Which brings us to Robin Givhan, who dared to question industry titan Karl Lagerfeld in a piece on the Daily Beast entitled, “Is Chanel Designer Karl Lagerfeld Spread Too Thin?” (In our opinion, if the Fall 2012 show is to be believed: absolutely yes) Lagerfeld responded by saying he’s never heard of Givhan, which is fucking preposterous. The woman won a damn Pulitzer for her fashion writing. As a critic, Givhan is capable of providing genuine insight into the fashion industry, along with Cathy Horyn and Bridget Foley.
Unfortunately, even fashion critics must play an occasionally delicate game–unlike movie critics who can simply buy a ticket, fashion critics are at least somewhat beholden to the industry that (urgently) needs them: Givhan’s frank criticism of Lagerfeld cost her a front row seat at the Chanel show this past week in Paris. If Lagerfeld can’t handle criticism, that’s embarrassing for him, but this is nothing new: Cathy Horyn was also famously banned from Armani for “sarcastic” remarks, writing, “The subject of banning journalists from fashion shows seems as quaint as the practice itself, neither a commendation to the industry nor a badge of honor to the critic. Indeed, fashion is the only creative field that attempts to bar the news media.”
Which reminds us: maybe you remember when Lady Gaga, filing a piece for V, made a complete ass of herself by suggesting Cathy Horyn didn’t know what she was talking about? Gaga tried to say that Horyn was hardened in her opinions and content to be acerbic, implying that she’d become irrelevant in a post-Tavi fashion industry. Although we think Tavi is great, she’s no Cathy Horyn.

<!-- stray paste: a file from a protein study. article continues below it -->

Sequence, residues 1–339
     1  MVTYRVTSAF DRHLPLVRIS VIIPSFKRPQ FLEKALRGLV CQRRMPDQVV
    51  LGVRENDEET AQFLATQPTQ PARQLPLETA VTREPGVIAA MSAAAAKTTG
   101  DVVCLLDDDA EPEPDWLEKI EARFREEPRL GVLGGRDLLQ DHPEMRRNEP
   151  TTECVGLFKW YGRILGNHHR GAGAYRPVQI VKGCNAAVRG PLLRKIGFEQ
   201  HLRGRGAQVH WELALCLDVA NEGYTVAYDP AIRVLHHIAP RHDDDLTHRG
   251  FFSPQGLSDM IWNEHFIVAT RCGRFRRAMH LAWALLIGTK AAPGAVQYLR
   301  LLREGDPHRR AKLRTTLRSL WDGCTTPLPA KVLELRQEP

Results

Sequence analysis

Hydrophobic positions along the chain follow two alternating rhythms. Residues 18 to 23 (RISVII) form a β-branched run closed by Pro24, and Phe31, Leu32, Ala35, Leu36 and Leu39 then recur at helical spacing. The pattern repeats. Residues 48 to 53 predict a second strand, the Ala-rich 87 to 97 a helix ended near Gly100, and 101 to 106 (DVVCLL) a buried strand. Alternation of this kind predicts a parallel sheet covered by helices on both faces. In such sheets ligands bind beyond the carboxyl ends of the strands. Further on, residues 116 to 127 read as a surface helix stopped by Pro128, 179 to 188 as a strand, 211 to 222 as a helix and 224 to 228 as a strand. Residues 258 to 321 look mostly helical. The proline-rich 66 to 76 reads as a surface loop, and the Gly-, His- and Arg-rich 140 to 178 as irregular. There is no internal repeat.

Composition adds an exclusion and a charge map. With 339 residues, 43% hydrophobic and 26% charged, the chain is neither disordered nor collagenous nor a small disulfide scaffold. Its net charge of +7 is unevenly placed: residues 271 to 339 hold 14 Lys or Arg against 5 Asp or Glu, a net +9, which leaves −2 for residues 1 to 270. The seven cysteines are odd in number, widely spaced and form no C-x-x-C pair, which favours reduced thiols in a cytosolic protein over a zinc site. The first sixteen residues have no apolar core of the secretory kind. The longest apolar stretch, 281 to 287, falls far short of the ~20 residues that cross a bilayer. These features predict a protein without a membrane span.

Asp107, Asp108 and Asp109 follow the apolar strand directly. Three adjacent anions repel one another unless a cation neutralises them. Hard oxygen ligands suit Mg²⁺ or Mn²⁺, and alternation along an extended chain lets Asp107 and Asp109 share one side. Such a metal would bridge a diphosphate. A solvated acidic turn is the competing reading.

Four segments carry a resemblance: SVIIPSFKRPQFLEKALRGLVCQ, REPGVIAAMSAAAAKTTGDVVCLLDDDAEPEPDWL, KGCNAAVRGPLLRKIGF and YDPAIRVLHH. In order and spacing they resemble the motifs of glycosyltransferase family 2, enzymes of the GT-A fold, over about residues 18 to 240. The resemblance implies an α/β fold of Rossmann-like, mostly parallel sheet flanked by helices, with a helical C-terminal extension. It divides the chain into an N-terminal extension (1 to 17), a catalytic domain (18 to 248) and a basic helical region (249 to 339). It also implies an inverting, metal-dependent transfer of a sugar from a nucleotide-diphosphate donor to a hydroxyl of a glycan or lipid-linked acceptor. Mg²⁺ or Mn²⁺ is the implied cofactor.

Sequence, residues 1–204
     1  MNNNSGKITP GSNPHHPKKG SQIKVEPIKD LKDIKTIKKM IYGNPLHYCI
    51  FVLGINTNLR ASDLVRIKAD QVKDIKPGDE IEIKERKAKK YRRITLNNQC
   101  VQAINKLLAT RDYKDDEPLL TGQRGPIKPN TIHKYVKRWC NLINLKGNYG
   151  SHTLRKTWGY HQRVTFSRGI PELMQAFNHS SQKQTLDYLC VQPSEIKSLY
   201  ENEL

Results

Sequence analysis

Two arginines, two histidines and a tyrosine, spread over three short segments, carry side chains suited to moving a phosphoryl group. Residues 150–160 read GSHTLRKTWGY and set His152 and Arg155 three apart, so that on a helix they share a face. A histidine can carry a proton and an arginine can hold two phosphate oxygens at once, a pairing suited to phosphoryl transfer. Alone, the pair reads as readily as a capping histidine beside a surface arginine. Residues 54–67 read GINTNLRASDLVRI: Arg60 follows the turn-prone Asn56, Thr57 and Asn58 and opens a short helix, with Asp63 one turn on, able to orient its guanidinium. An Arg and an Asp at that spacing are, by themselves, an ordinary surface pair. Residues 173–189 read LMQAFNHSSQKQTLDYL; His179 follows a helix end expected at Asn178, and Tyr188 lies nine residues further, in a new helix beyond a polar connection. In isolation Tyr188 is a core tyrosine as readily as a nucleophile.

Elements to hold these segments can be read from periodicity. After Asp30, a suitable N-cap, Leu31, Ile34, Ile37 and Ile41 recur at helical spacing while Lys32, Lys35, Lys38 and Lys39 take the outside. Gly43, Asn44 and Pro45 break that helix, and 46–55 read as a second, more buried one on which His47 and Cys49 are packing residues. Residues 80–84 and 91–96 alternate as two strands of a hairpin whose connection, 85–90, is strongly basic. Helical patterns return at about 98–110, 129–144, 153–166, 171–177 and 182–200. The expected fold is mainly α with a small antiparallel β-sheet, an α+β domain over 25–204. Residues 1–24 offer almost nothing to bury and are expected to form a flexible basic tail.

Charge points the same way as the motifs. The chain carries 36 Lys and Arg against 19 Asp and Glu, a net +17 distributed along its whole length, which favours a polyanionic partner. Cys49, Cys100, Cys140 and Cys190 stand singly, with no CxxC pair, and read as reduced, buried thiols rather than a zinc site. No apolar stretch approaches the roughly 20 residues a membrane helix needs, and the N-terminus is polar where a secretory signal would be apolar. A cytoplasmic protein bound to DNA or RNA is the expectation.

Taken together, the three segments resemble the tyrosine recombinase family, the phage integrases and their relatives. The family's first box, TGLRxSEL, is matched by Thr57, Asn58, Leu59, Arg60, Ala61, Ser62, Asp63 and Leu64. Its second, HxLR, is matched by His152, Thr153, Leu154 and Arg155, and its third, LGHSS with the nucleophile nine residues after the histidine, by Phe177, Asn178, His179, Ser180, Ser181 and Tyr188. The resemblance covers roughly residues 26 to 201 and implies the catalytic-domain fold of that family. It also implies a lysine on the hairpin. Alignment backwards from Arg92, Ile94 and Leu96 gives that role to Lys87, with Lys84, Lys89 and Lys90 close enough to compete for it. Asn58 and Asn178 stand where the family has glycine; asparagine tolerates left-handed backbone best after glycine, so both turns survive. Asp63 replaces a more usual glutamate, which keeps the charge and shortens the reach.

We’re certainly not in a line of work to assume that all bloggers are incapable of good fashion criticism, but we are in a place to question the integrity of so-called style experts whose opinions are padded with expensive bags. Moreover, we’re shocked by the amount of people who read these blogs and don’t operate on the assumption that placement has been paid for (in some capacity).
Givhan told the Toronto Star last week that bloggers “are too cozy with the designers on whom they report,” adding that the work of a critic is much more than simply loving or hating a collection: “You’ve got to explain your thinking–how you got there. Criticism is not personal opinion. At its best it’s opinion based on a set of facts that are set in context. I’ve seen shows that I’ve loved but I knew that critically they were not great. And vice versa.”